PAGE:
GM posts unexpected sales gain
GM's strong consumer sales overcome drop in fleet sales; Ford sales plunge 13 percent and DaimlerChrysler sales off 8 percent.
NEW YORK (CNNMoney.com) -- General Motors posted an unexpected rise in February U.S. sales, while sales tumbled at Ford and DaimlerChrysler, further eroding those troubled automakers' share of the U.S. market.
General Motors (Charts), which just earlier this week had said it expected overall sales to be down 6 to 7 percent for the month, saw sales of cars and light trucks rise 3.7 percent compared to a year earlier.
The rise in sales came despite an 18 percent decline in fleet sales to corporate customers, such as rental car companies. But that was more than balanced out by an 11 percent gain in retail sales.
Paul Ballew, GM's executive director of global market and industry analysis, said that the guidance of reduced sales had been a cautious one, and that the strength of the company's retail sales ended up being better than expected.
"A lot of the momentum in a couple of [vehicle] categories surprised us," Ballew told analysts. "We didn't mean to send mixed signals. I would characterize it as life happens."
Part of GM's gain came in its newly designed pickup trucks, which gained while competing offerings from Ford and DaimlerChrysler's Dodge brand lost sales, as Chevrolet's full-size pickup sales gained 31 percent and the GMC Sierra sales were up nearly 23 percent.
Overall GM's sales of light trucks, which includes pickups, SUVs and vans, were up 7.9 percent over a year ago.
Not surprisingly, Ballew said GM was pleased to beat even its own sales expectations.
"We feel like in a market that is below trend, we are hitting our mark," he said.
Jesse Toprak, senior analyst with sales tracker Edmunds.com, said GM was also helped by slightly adding to the sales incentives offered buyers during the second half of the month, a period when Ford and Chrysler were trimming their incentives from higher January levels.
"It helped them finish the month on a rally," said Toprak. "Their new pickups have also been very well received."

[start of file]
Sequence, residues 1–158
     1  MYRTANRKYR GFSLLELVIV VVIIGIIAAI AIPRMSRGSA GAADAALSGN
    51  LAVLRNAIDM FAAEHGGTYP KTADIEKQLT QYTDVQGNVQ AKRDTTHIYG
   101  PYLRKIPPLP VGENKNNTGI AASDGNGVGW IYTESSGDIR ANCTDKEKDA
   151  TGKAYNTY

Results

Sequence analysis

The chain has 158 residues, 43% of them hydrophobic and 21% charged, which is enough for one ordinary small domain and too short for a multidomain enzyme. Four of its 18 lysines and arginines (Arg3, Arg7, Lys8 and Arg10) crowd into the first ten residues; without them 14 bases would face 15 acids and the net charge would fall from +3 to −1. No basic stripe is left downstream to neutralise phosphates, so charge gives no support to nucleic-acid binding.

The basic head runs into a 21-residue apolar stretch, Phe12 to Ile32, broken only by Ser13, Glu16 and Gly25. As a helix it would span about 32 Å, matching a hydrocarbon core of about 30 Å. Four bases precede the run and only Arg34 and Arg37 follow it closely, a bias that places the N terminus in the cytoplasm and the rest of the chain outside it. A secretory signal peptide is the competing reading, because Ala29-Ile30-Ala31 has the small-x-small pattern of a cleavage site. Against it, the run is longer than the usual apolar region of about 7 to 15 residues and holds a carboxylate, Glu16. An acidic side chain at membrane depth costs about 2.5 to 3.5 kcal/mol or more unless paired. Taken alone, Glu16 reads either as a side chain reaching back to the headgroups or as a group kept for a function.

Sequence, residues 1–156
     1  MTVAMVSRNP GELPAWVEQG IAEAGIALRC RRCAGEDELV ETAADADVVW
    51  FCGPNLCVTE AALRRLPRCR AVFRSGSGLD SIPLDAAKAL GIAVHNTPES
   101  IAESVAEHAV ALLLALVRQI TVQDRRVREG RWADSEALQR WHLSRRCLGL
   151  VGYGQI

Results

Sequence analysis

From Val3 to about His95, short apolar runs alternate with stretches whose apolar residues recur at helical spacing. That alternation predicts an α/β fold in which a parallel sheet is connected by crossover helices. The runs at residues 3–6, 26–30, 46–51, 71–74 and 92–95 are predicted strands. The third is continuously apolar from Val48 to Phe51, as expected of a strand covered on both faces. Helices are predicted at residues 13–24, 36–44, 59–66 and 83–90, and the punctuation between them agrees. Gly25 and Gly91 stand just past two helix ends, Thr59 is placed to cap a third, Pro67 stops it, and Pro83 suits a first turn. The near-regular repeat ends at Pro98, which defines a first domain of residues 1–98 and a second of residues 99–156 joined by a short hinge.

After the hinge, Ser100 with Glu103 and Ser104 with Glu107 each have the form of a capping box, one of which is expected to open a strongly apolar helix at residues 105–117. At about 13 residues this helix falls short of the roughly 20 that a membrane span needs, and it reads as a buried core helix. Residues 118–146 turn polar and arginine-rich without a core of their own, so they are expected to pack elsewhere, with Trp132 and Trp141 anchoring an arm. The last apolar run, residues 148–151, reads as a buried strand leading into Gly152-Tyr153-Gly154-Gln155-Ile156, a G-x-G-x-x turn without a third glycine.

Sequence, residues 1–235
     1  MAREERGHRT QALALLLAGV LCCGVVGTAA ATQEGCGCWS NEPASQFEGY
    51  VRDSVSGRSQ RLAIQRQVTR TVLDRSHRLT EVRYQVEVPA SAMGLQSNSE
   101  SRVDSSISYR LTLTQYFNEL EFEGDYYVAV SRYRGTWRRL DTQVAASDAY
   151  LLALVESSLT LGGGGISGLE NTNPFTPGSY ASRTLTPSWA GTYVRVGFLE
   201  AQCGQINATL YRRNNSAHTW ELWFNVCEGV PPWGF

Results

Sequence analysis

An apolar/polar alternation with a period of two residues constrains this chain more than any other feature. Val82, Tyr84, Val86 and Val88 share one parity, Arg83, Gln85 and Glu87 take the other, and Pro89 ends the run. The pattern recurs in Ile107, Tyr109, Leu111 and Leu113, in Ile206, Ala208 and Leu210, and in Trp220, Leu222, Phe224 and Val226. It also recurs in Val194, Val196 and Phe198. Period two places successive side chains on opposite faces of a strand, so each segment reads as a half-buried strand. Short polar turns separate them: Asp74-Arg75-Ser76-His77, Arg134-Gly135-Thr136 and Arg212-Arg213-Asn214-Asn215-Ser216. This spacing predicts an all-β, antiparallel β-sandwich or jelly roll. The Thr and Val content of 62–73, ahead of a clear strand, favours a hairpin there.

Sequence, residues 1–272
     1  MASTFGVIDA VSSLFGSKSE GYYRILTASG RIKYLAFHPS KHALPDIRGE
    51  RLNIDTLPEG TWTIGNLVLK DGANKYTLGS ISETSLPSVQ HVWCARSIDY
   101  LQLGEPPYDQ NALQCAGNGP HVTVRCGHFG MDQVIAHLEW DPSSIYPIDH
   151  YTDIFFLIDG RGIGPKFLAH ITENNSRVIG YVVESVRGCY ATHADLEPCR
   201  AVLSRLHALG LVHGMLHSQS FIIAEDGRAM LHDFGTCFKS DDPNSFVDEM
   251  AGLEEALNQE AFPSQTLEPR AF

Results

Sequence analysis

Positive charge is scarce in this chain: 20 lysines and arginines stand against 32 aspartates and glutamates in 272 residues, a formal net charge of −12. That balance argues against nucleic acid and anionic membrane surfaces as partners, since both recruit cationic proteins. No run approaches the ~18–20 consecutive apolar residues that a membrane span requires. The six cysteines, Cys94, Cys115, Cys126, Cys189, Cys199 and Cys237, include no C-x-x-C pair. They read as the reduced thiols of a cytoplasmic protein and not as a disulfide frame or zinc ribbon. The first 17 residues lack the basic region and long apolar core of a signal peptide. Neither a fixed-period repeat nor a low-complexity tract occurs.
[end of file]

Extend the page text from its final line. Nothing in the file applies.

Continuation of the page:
More weakness at Ford, Chrysler
But the company's U.S. rivals didn't have as good results.
Ford (Charts), which is likely to give up its long-held No. 2 spot in U.S. sales to rival Toyota Motor (Charts) this year, said sales sank 13 percent, due to a discontinuation of two models sold mainly to rental car companies and weak sales of its best-selling pickup.
Ford said sales to rental car companies, which are less profitable, fell 30 percent from a year earlier, while retail sales slid 8 percent.
About 22,500 of the year-ago sales were in the Taurus sedan and the Freestar minivan - sold mainly to rental car companies and now discontinued. The most recent months saw no Taurus sales and only 502 Freestar sales.
But the problems weren't limited to weaker rental car sales. Ford's F-Series pickup, the nation's best selling vehicle, saw sales fall by 7,611 from a year ago, as the popular choice for contractors has been hit by the weak housing market and higher fuel prices.
The drop in F-Series sales, coupled with the missing Taurus and Freestar sales, was responsible for about 90 percent of the slide in Ford sales.
Ford had warned Monday that sales would be be down 10 to 15 percent in February and its results are actually better than the 23 percent drop that had been forecast by Edmunds.
"I think Ford and GM were the two winners of the month, despite the declines at Ford, it was better than expected," said Edmunds' Toprak.
Chrysler Group saw a 7 percent drop in light truck sales and a 13 percent drop in sales of car models. The decline with widespread with every model that was available for sale a year ago except two - the Chrysler Crossfire and the Jeep Wrangler - reporting a drop in sales.
"Probably the major concern for Chrysler is they're spending the most on sales incentives and they're not able to catch up on sales," Toprak said.
The two leading Japanese automakers in terms of U.S. sales, continued to gain market share. Toyota reported a 12 percent gain, helped by gains in its car models. The light truck models saw only a 2.4 percent gain. Honda Motor posted a 3.2 percent gain.